"You cannot eat okra with one finger." A proverb meaning (obviously) we must cooperate and work together to get things done. We have been home a few weeks after one of our tri-monthly medical team visits to the Grison-Garde area (www.thehaitimission.org). As usual “it’s always the same, there’s something different” on every visit to that amazing country.
The miserable inflation rate of now nearly 50% continues, but rural Haiti goes on; a land of families and relationships that allows them to meet the next day just as they always have done.
As you may know, our Foundation has provided funds donated for more than 40 water wells in the surrounding countryside. There is a great deal more to this than mere convenience. The rate of infantile diarrhea and its potentially devastating results has plummeted so greatly that we often see no child so affected in an entire week while caring for thousands. One small country church in Virginia has paid for 3 wells this year alone (that's $2,500 per well)!
This impoverished area has a very high rate of immunization provided by WHO and
USAID (through the Haitian Health Dept.), which has virtually eliminated childhood meningitis of all types, measles, polio and pneumococcal disease. A blessing indeed.
Institute Maranatha, through this (your) Foundation, now provides free education to:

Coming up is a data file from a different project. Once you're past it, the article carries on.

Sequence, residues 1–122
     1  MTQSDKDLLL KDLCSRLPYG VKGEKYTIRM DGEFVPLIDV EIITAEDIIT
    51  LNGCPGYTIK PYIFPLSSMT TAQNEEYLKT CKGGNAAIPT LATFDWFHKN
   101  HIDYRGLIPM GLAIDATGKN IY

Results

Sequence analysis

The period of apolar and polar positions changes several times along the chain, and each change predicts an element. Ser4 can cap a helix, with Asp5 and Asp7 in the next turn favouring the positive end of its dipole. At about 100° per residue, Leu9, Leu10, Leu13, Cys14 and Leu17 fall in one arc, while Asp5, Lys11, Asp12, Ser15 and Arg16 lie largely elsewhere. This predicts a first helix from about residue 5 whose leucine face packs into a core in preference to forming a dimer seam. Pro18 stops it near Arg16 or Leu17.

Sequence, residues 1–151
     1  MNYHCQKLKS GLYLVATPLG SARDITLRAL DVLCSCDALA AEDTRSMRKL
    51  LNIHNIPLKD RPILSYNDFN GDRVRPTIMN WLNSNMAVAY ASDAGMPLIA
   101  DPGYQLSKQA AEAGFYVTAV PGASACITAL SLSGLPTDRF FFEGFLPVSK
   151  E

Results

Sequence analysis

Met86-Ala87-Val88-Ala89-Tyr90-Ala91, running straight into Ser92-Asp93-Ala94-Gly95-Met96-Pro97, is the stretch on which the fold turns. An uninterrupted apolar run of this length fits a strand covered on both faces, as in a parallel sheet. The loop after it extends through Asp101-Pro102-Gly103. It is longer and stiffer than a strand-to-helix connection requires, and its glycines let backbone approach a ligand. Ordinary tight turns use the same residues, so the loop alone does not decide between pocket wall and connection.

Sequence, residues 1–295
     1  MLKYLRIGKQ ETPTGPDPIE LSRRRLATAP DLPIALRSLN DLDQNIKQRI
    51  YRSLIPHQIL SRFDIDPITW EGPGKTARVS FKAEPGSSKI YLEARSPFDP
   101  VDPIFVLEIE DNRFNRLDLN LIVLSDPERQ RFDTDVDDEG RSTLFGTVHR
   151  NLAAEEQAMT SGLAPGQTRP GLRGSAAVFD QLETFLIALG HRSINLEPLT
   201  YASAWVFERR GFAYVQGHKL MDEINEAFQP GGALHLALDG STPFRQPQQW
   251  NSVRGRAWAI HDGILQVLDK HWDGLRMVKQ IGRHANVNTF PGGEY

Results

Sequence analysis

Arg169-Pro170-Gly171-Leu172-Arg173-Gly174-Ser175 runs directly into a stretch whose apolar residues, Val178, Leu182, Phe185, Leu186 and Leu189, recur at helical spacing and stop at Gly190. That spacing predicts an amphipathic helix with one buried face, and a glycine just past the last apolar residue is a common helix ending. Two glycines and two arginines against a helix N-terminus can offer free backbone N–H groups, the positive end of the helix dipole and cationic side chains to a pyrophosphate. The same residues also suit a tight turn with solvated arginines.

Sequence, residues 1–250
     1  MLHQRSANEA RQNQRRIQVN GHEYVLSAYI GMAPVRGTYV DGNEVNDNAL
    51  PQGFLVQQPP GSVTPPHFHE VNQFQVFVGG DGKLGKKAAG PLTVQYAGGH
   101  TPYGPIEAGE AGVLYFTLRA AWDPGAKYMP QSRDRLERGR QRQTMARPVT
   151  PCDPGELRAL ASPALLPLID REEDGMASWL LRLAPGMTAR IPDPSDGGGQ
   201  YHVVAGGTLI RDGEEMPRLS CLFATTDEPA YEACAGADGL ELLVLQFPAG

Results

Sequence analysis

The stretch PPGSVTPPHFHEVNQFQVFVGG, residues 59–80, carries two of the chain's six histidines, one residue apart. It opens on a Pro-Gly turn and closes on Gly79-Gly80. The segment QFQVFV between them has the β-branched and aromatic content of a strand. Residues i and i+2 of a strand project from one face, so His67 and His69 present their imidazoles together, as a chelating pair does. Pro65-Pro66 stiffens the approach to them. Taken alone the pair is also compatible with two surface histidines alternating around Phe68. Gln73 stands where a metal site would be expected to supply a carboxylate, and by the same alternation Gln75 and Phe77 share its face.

- 585 primary students ages 4 to 12
- 500 secondary students ages 13 to adults
- 65 vocational students
- 357 primary students at Maroquee school
- 80 primary students at nearby Beau Joint School
A significant problem area for the project, however, has been finding a way to support orphans who have been living at Maranatha since childhood, yet have now reached young adulthood. Since they often have no other family, a place to live in the community must be found as they complete their education. This was an issue not addressed when the orphanage was founded in 2002. All of us involved are working for a solution. Since only optimists are allowed to work with this foundation, we are certain that a good solution will arrive somehow.
This photo of students at our Maroquee community school (not created by the Institute Maranatha founders, but maintained by our Foundation) illustrates something truly remarkable and quite moving. In this land of governmental corruption, peace reigns in the countryside. The children buzz around as healthy children do, but school is taken seriously.
One wears her/his uniform, and had better toe the line for there is no other place to go. And do they ever sing their welcome songs to us! Come join us, folks!